Wednesday 18 September 2019

We've downed the Russian plane: jihadis' boast to Isil

The weight of evidence supporting a terror plot behind the Egyptian crash is overwhelming

All that remains: Egyptian soldiers collect the personal belongings of plane crash victims from the impact site in the desert. Photo: Russian Ministry for Emergency Situations, via AP
All that remains: Egyptian soldiers collect the personal belongings of plane crash victims from the impact site in the desert. Photo: Russian Ministry for Emergency Situations, via AP
Waiting to get home: Passengers whose flights were suspended queue at an information desk

Robert Mendick

A terror group believed to be responsible for blowing up a Russian passenger jet boasted to the leadership of Isil in Syria that they had succeeded, according to the latest intelligence intercepts.

The reports add to growing evidence that a bomb was placed on board Metrojet Flight 9268 before it took off from Sharm el-Sheikh airport, killing all 224 passengers and crew.

The apparent involvement of the leaders of Isil, in Raqqa, in helping to plot the terrorist attack will alarm Western intelligence agencies.

Until now, Isil had encouraged "lone wolf" attacks on foreign targets but had been unable to organise "a spectacular" atrocity on such a scale outside of Iraq and Syria.

"They [Isil leaders] were clearly celebrating," a US official told NBC News.

In a day of further dramatic developments, it can also be disclosed:

  • A senior UK minister warned the aviation industry just days before the Russian jet crashed that one of the biggest dangers was terrorist plotters penetrating security at foreign airports;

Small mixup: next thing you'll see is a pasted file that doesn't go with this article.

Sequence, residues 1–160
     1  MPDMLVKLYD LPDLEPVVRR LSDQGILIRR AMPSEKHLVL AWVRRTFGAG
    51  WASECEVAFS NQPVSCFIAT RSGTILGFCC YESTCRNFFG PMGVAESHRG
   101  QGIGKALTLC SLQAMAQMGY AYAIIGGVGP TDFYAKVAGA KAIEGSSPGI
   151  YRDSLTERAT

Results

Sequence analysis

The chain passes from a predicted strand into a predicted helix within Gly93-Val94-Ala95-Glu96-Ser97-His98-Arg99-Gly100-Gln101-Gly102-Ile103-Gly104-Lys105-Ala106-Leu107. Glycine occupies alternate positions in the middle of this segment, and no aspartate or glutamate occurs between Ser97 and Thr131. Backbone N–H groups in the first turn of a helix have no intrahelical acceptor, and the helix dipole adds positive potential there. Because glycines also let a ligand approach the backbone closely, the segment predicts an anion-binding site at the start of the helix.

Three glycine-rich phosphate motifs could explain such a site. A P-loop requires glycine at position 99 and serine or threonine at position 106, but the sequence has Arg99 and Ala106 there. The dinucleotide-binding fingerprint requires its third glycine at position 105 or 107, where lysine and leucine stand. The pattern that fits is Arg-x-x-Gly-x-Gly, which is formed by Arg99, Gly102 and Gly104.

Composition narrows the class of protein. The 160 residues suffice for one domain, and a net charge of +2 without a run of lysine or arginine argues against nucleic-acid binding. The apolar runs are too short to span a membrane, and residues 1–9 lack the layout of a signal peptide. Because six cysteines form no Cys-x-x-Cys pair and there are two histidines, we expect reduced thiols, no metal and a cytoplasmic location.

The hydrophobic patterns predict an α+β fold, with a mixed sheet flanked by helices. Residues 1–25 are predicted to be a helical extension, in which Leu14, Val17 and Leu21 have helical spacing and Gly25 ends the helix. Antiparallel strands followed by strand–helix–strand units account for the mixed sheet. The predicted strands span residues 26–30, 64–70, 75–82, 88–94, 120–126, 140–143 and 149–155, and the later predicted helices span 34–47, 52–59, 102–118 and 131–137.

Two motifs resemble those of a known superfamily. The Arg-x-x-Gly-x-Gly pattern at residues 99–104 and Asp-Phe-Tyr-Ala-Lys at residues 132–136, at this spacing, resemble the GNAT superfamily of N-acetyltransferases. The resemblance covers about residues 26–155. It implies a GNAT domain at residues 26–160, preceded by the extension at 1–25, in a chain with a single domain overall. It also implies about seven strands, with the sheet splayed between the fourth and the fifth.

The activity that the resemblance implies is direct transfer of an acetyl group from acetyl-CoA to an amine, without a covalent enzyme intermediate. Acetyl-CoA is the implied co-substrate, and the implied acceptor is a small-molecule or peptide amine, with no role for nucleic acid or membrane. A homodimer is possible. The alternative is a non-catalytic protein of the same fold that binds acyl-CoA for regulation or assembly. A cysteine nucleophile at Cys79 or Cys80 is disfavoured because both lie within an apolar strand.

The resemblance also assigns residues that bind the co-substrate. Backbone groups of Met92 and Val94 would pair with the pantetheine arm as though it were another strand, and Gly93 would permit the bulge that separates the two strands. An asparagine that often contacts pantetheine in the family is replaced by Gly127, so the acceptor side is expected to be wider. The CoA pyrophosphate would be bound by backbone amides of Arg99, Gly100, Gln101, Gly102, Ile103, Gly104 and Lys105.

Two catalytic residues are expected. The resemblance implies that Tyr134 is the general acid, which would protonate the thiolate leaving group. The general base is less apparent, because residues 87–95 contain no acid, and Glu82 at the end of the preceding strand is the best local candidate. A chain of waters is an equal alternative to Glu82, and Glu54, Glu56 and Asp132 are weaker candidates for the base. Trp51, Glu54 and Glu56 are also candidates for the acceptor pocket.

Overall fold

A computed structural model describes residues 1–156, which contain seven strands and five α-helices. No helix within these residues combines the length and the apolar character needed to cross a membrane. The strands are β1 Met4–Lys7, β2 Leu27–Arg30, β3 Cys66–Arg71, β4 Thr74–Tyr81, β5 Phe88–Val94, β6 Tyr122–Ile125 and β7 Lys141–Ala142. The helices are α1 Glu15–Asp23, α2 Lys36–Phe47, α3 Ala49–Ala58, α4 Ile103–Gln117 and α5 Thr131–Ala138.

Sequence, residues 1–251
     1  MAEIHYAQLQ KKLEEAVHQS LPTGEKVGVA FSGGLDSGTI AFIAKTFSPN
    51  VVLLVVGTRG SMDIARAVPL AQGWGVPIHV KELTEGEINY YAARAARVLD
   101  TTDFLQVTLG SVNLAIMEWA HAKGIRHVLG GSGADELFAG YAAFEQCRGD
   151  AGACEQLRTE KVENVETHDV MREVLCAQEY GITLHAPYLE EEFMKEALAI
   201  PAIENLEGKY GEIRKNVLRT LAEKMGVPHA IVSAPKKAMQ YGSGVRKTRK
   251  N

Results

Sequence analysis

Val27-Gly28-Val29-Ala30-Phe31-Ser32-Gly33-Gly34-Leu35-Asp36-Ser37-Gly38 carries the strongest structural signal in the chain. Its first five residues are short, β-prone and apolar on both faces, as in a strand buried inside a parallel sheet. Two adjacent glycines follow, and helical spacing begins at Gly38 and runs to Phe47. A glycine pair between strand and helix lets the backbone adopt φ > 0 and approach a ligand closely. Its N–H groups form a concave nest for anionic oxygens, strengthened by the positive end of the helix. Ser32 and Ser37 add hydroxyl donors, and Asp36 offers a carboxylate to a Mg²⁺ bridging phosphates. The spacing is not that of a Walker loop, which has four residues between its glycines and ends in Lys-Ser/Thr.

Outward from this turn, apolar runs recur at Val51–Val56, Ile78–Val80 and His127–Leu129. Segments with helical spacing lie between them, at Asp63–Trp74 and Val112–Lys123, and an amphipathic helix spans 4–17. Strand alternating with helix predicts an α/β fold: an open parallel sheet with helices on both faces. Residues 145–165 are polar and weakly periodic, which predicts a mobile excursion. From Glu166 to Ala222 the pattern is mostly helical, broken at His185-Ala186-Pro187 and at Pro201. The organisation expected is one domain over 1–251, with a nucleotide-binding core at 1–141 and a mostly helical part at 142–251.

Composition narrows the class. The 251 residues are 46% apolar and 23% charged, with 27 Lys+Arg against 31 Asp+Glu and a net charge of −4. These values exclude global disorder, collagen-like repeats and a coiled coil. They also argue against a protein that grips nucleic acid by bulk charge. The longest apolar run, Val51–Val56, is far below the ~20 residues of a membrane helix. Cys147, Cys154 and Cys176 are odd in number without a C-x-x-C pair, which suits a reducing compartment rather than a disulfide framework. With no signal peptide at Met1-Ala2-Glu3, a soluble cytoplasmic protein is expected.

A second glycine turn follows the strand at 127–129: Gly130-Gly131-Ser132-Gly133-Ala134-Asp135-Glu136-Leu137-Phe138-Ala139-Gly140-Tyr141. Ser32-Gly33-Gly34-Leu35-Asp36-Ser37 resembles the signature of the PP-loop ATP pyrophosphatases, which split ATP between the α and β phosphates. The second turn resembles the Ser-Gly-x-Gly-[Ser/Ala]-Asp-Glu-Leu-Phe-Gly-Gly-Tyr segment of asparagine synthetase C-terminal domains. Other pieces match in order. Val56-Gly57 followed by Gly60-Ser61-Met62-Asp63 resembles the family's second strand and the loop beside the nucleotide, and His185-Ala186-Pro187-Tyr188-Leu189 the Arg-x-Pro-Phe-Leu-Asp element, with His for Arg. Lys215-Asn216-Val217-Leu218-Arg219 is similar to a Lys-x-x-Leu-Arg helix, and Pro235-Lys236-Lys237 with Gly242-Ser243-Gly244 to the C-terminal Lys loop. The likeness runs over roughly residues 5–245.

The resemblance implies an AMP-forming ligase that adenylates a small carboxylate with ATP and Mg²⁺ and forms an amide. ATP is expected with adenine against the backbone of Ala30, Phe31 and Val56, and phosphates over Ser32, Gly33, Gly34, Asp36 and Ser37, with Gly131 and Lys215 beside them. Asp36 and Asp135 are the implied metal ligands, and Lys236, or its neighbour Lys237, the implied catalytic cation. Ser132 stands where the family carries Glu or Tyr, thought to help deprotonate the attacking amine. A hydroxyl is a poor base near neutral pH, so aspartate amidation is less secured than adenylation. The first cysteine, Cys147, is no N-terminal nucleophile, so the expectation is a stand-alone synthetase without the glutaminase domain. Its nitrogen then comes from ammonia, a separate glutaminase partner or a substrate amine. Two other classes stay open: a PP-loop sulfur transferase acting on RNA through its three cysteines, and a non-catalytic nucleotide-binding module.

• Egypt's investigators said a noise was heard in the last second on the cockpit voice recording on the jet, reinforcing the likelihood that the aircraft was brought down by an on-board bomb;
  • The Isil terror group claiming responsibility was trained by an ex-Egyptian special forces officer, who turned to jihadism and went on the run;
  • Aviation and security officials in the UK shown CCTV footage from inside Sharm el-Sheikh airport were so alarmed by the lack of security they ordered the cancellation of all further flights from Britain to the Red Sea resort.

Among the "chatter" picked up by intelligence agencies, there now appears to be a series of communications between the Sinai terrorist group, affiliated to the Islamic State of Iraq and the Levant, and its leadership based in Syria.

Prior to the explosion last Saturday - 20 minutes after the Airbus 321 took off for St Petersburg - US intelligence agencies also intercepted a message from the terrorists in Sinai that warned of "something big in the area".

It is understood that details about how the plane was brought down were also intercepted, but the officials would not go into detail.

Security analysts described the latest developments as a "game changer" for Isil.

Mokhtar Awad, at the Centre for American Progress which specialises in studying Islamist extremism, said: "What we had seen so far were Isil-inspired lone wolves but this attack appears to be the result of close, consistent operational support."

Egyptian investigators stopped short of admitting for the first time that a bomb had been placed on board but did disclose yesterday a noise was heard in the last second of the cockpit voice recording. Ayman el-Muqadem, of the investigation team, said in Cairo an analysis was underway to identify the sound.